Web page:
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UBS Puerto Rico Bond Complaint Dismissed by SEC, As Losses Mount

An Administrative Law Judge with the U.S. Securities and Exchange Commission (SEC) dismissed a complaint that accused UBS of misleading investors in connection with Puerto Rico bond funds, but the financial firm will likely face continuing claims on behalf of individual investors who are experiencing substantial losses.

The SEC filed a complaint against UBS over their handling of the Puerto Rico bonds, claiming that the company “mislead investors to conceal a liquidity crisis and mask UBS’ control of the secondary market for 23 proprietary closed-end funds.” The SEC also alleged the UBS financial officials committed fraud by selling a safe investment to clients but then selling its own shares back off because of the financial risk.

Administrative Law Judge Brena P. Murray has dismissed the SEC complaint against Swiss bank UBS AG and Capital Markets at UBS Puerto Rico, finding that the companies did not engage in a fraudulent course of conduct or scheme to mislead customers to invest in Puerto Rico municipal bond funds, because during the time between 2008 and 2009 they appeared to be a safe and profitable investment.

The ruling in this complaint only includes the 2008 through 2009 time period, when the global financial markets were in a period of turmoil and investment firms were looking for ways out. Post 2009 investment losses may show more supporting evidence that investments in Puerto Rico municipal bond funds were neither profitable nor stable investments.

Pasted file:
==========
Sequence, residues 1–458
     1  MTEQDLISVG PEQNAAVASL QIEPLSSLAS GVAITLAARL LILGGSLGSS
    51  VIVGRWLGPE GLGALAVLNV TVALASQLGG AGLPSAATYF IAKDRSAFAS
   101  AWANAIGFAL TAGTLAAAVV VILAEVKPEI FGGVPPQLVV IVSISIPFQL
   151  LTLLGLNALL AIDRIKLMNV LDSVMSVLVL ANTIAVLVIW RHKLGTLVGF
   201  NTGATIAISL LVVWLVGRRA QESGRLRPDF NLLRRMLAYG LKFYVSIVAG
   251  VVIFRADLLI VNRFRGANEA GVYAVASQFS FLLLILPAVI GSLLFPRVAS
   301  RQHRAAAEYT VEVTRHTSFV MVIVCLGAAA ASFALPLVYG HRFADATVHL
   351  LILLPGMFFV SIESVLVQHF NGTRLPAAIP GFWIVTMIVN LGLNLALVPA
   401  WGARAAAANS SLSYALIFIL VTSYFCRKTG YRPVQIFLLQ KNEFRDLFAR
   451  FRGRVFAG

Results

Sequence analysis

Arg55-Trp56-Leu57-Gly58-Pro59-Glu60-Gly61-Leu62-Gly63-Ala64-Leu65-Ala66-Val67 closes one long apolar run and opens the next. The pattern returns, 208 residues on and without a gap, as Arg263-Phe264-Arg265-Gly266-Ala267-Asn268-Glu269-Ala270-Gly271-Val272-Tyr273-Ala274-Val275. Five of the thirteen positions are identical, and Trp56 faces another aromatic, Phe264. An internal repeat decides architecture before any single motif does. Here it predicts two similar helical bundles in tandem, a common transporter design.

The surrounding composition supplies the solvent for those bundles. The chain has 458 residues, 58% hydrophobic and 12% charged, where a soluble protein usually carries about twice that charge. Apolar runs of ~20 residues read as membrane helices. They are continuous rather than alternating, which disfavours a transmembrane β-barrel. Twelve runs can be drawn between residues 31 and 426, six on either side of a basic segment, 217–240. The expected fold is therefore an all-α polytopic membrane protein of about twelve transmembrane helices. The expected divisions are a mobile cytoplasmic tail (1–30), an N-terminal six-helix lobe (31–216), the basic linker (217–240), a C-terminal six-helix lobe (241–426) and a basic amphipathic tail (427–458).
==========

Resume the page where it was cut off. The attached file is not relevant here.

Investor UBS Puerto Rico Bond Fund Losses

According to a report by Reuters, losses from Puerto Rico bonds and securities add up to $4.52 billion so far this year, and many of these investors are now pursuing financial fraud lawsuits against UBS and other brokers.

The dismissal of the SEC complaint will not impact the flood of investor lawsuits over UBS Puerto Rico bond funds, which are expected to continue rolling in as the losses continue to mount and individuals learn that their financial damages may be recovered by contacting a stock broker fraud lawyer.

Individual investors are able to pursue damages against UBS through an investor arbitration claim with FINRA, which is a non-governmental regulatory body that handles resolution of disputes between investors and stockbrokers and other financial firms. It was created in July 2007, as a successor to the National Association of Securities Dealers, to arbitrate stock broker fraud claims that can include charges of breach of contract, breach of fiduciary duty, negligence, misrepresentation, unauthorized trading and other claims that investments were improperly handled.

According to allegations raised in many investor complaints filed recently, UBS pitched investment in Puerto Rico bonds as safe and secure, targeted toward elderly people and others who rely on municipal bond funds for retirement.

Puerto Rico bonds funds have spiraled down into junk ratings as the country undergoes an economic crisis. UBS sold many municipal bond funds that were allegedly over-invested in Puerto Rico bonds. Although the funds previously had high yields and involved special tax benefits, UBS has been targeted for how it has handled the problem.

Last week it was reported that the SEC has initiated an investigation into several mutual fund losses caused by Puerto Rico debt, examining whether institutions adequately disclosed the risk.

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